A century and a half ago, New York began burying unclaimed bodies in mass graves using prison labor. On Hart Island, in the Long Island Sound, more than one million such burials have taken place. Changes wrought by the Civil War account for a sustained para-military handling of the dead as well as an increased role for physicians and diminished religious presence. For this event, the historian Thomas Laqueur joins Melinda Hunt, President of the Hart Island Project, in conversation—about the history of the potter’s field, as well as the work of the Project to document the dead, and win visitation rights for families.
This event is cosponsored by the Department of History, the Institute for Social and Economic Research and Policy, the Institute for Comparative Literature and Society, and The Society of Fellows and Heyman Center for the Humanities.
Melinda Hunt is a Canadian born interdisciplinary artist and founding director of The Hart Island Project. She holds an MFA from the Yale School of Art (1985) and MS in Digital Imaging and Design, NYU (2007). In 1991, Melinda began The Hart Island Project with photographer Joel Sternfeld. She published a book, Hart Island (Scalo 1998), and produced and directed a film, Hart Island: An American Cemetery (2008).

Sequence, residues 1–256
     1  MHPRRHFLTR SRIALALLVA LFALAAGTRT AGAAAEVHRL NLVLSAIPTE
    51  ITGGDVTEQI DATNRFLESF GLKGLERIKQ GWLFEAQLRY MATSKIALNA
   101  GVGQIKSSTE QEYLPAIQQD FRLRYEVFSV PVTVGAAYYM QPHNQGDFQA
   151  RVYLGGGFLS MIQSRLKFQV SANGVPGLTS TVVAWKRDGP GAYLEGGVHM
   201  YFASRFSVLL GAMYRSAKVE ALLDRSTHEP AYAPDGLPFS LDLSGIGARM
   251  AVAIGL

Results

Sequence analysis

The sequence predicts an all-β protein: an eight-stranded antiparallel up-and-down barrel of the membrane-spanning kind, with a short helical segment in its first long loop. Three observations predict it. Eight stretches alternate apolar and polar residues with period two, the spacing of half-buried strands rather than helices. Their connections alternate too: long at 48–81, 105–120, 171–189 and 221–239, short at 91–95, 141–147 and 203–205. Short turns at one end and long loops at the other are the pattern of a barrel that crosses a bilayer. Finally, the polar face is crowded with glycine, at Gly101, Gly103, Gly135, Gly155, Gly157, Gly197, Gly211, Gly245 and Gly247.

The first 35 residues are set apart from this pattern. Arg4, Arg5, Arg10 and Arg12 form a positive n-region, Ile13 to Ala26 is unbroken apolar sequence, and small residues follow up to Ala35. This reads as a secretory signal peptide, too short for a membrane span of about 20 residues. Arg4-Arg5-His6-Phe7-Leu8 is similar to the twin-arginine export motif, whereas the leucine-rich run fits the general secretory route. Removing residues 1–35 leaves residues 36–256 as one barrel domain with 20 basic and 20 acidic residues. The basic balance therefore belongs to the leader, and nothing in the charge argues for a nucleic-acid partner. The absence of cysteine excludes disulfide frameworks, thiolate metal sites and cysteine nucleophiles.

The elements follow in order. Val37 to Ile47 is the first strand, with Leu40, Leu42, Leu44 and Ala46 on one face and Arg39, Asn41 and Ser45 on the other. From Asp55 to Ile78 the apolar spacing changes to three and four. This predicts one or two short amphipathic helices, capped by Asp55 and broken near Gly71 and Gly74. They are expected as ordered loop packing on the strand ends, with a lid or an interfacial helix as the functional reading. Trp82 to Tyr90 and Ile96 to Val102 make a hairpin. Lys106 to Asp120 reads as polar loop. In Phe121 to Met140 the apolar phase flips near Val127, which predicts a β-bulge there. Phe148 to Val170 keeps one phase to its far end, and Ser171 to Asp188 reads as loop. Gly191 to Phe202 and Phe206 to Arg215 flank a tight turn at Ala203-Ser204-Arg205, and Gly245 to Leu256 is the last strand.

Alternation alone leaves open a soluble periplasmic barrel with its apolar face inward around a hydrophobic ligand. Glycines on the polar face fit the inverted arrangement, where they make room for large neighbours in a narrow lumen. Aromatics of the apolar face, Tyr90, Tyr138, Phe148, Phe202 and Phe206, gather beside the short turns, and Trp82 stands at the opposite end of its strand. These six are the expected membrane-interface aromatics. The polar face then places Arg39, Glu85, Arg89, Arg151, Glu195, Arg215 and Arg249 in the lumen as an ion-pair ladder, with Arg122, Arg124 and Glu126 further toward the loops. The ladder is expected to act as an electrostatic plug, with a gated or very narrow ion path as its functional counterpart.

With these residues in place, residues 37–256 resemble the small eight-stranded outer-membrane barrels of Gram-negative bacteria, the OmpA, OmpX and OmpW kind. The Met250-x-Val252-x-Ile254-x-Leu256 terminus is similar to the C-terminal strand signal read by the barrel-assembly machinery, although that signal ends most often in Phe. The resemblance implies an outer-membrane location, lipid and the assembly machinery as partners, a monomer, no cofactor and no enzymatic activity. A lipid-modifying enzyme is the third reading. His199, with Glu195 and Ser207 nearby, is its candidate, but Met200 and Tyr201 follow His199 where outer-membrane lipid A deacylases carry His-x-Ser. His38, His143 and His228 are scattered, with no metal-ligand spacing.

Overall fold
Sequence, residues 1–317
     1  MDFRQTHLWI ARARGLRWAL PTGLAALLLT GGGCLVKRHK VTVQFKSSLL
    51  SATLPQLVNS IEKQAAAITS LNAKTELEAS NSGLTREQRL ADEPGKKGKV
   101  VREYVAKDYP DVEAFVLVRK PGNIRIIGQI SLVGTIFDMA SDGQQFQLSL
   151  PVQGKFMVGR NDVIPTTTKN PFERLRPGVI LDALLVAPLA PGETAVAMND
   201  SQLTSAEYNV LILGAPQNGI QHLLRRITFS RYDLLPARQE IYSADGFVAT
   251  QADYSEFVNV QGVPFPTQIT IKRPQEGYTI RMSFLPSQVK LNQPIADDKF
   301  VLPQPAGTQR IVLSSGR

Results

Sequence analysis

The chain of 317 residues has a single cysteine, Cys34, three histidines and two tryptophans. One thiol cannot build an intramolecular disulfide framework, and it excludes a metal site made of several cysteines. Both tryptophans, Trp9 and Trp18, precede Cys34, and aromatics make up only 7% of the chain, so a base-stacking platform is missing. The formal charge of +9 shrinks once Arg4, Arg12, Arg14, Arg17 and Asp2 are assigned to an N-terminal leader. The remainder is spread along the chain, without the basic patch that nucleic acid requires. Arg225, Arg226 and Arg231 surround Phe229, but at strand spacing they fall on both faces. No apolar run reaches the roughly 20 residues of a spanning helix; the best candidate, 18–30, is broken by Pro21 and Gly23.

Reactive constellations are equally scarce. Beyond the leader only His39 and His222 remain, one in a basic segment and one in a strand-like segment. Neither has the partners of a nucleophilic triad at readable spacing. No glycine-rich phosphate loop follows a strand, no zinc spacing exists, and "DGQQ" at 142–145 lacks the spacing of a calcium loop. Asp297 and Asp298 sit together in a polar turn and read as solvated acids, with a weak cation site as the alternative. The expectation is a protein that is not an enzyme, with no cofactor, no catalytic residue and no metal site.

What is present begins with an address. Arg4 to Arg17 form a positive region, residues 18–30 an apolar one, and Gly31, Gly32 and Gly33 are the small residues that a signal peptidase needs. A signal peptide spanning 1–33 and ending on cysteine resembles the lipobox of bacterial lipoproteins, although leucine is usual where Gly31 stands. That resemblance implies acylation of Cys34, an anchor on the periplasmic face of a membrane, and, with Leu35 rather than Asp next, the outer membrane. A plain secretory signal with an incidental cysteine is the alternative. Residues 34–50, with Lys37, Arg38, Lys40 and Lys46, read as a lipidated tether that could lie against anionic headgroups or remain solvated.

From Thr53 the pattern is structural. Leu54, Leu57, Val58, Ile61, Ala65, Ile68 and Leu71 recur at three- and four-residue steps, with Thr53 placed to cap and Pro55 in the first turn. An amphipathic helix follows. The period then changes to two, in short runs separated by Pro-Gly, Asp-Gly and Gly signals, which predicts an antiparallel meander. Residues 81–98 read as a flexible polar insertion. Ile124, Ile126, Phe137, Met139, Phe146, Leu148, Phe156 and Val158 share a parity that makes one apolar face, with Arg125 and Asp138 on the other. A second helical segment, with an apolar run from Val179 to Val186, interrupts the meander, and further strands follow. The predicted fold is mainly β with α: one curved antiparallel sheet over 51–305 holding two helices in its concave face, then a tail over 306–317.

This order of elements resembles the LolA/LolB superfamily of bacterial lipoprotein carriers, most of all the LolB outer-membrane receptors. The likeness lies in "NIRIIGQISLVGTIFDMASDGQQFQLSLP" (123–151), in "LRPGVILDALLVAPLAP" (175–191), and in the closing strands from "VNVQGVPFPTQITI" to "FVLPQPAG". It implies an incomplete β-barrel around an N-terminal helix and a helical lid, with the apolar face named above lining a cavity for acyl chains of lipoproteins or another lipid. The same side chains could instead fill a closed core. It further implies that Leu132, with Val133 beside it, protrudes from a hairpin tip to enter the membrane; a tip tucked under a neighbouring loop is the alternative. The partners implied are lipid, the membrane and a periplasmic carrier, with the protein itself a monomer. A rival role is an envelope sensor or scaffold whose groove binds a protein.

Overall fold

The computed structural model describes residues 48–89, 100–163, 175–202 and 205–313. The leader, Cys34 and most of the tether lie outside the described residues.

Thomas W. Laqueur is the Helen Fawcett Professor of History at the University of California, Berkeley. His books include Making Sex: Body and Gender from the Greeks to Freud, Solitary Sex: A Cultural History of Masturbation, and Religion and Respectability: Sunday Schools and Working Class Culture, 1780–1850. He is a regular contributor to the London Review of Books.